THE SHEPHERD OF THE HILLS ——a lovely Americana fable set in the Ozark Mountains of Missouri in the early 1900s. Outsiders don’t venture into the backwoods region; the clean and beautiful hills are also more than a mite haunting and foreboding, home to clannish, rough ‘n’ tumble moonshiners, superstitions and blood oaths. When enigmatic but genial ‘Daniel Howitt’ (Harry Carey) wanders in, determined to buy an isolated parcel of land called “Moaning Meadows”, a place with a troubled history, his skill as healer and his generous nature wins over some of the locals, particularly young ‘Sammy Lane’ (Betty Field). He faces a harder time with the defensive, nearly hostile Matthews family, ruled by bitter matriarch ‘Aunt Mollie’. ‘Young Matt Matthews’ (John Wayne) sparks with the coltish Sammy, but labors under a vendetta he bears for his unknown father, who left Matt’s mother to die—in Moaning Meadows.
Though the screenplay is markedly different from the source novel, the 1941 film is quite well directed by Henry Hathaway, filmed in rich Technicolor by a pair of master cameramen, W.Howard Greene and Charles Lang Jr., who shot on location in California’s San Bernadino National Forest around Big Bear Lake. Hathaway had previous experience in the format and the area, having showcased the locale in the 2nd feature film in the new process, The Trail Of The Lonesome Pine. It was the first of six times Wayne, 33, would work for the hot-tempered craftsman, and he delivers a quietly strong performance of someone marked by grief and cursed by his bitter vow. It’s one of his best roles from the period, and it no doubt helped not only to have good material and a demanding director but guidance and support from stalwart and reassuring Harry Carey, 63, who was both a screen idol to and a father figure of sorts for the younger man.
Wayne’s billed first (having finally broken through with Stagecoach and The Long Voyage Home), but Carey has a larger part, and the story centers around his character, to which he brings his trademark easy warmth and gentle sincerity.
Betty Field, 25 in her 4th picture, was getting a good amount of play (Of Mice And Men was a notable success) and she fairly glows in this part: she never looked better than in some of the emotional scenes she plays with Carey. In stark contrast to the innocent, deer-like sweetness of Field’s yearning maiden, Beulah Bondi’s venomous scowling as the unforgiving tyrant queen of the Matthew’s sullen brood makes for one memorable crone.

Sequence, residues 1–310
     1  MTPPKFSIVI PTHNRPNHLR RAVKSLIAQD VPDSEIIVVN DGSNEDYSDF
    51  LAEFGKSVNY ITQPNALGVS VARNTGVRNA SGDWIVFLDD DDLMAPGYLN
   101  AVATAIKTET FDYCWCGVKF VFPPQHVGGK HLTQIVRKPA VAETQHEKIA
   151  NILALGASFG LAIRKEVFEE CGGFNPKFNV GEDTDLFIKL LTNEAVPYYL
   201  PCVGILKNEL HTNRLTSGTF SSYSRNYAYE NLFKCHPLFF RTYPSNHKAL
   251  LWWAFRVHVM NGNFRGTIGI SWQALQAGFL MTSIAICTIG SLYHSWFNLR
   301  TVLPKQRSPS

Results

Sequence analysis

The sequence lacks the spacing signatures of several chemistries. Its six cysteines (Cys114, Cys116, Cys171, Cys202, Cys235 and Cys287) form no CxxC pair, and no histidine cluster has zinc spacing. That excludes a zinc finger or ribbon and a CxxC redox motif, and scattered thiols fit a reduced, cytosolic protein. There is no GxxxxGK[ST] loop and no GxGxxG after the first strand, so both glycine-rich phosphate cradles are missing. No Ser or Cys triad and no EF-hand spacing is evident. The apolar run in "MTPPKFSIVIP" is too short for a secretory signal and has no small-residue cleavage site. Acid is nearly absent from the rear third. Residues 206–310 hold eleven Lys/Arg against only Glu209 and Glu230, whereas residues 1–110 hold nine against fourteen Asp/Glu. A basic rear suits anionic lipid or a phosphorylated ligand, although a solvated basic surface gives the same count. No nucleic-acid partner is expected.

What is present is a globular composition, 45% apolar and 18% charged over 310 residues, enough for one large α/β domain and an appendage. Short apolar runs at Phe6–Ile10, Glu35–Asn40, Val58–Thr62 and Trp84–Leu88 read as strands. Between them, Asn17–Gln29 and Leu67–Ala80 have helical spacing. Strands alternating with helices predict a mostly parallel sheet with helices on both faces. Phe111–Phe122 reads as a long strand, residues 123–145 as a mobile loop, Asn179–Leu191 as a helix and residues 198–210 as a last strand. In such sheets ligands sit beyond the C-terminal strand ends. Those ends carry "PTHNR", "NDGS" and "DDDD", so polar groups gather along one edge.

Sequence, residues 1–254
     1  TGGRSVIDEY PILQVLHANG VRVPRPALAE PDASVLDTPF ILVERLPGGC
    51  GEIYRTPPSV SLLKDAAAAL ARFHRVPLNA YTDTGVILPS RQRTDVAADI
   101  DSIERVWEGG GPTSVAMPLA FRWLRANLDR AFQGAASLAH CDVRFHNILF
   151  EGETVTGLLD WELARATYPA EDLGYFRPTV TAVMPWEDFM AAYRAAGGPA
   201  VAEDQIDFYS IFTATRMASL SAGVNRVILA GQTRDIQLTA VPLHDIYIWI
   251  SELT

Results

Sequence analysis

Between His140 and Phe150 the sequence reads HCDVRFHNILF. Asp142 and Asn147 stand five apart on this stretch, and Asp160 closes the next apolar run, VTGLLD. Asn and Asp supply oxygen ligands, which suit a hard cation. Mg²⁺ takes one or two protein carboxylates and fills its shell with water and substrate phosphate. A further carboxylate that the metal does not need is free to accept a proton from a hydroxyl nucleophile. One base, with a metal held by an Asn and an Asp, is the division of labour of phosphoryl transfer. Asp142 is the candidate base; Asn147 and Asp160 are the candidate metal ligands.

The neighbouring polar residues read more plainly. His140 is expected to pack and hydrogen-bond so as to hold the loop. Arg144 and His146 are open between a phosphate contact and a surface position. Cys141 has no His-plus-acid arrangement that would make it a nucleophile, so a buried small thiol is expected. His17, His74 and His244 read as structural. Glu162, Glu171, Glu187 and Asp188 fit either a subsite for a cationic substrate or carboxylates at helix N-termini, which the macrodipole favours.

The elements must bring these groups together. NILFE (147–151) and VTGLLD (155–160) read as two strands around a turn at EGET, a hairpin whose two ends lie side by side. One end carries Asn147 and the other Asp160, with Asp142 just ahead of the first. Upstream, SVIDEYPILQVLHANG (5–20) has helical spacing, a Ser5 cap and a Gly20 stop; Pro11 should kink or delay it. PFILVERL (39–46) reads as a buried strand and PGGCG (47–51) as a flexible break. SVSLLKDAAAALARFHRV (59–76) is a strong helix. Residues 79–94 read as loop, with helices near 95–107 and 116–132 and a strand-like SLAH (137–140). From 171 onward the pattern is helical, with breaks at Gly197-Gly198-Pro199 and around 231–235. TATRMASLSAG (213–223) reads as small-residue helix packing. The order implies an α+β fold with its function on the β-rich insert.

Wayne pal Ward Bond is effectively burly and coarse; he and Duke have a furious brawl. The great Marjorie Main is on hand as another indomitable hill-woman, stricken by blindness, much kinder than Bondi’s unforgiving witch, who’s blinded by spite.
Marc Lawrence, 31, whose scarred visage and rough voice would ensure a career playing vicious gangsters, has a rare sympathetic role as a mentally handicapped member of the Matthews brood; mute, abused and bewildered. Hathaway gives him a marvelous moment of grace, sitting transfixed on the floor of his log cabin, trying to capture dust motes floating in rays of the sun.
Delicately scored by the prolific, unsung Gerard Carbonara. Adding flavor to the cast: James Barton, Samuel S. Hinds, Fuzzy Knight, Olin Howland, John Qualen and Dorothy Adams. Earning $3,200,000, it came in 73rd place among the crop from ’41. 98 minutes.
* The script by Grover Jones and Stuart Anthony takes only the title, locale and some names from the 1907 novel by Harold Bell Wright, a rustic 190-page favorite that one-time preacher Wright based on some tough and hardy people he knew in the Ozarks. It sold millions of copies. Set in what would become Branson, Missouri, the story had been filmed twice as a silent, and later would be staged live outdoors in Branson for decades, over 5,000 times.
On the film history side of the legend ledger, the ornery Hathaway would cuss and can-tanker Duke through Legend Of The Lost, North To Alaska, Circus World, The Sons Of Katie Elder and finally an Oscar for True Grit. First out of the gate, The Shepherd Of The Hills is a gleaming nostalgia nugget to uncover.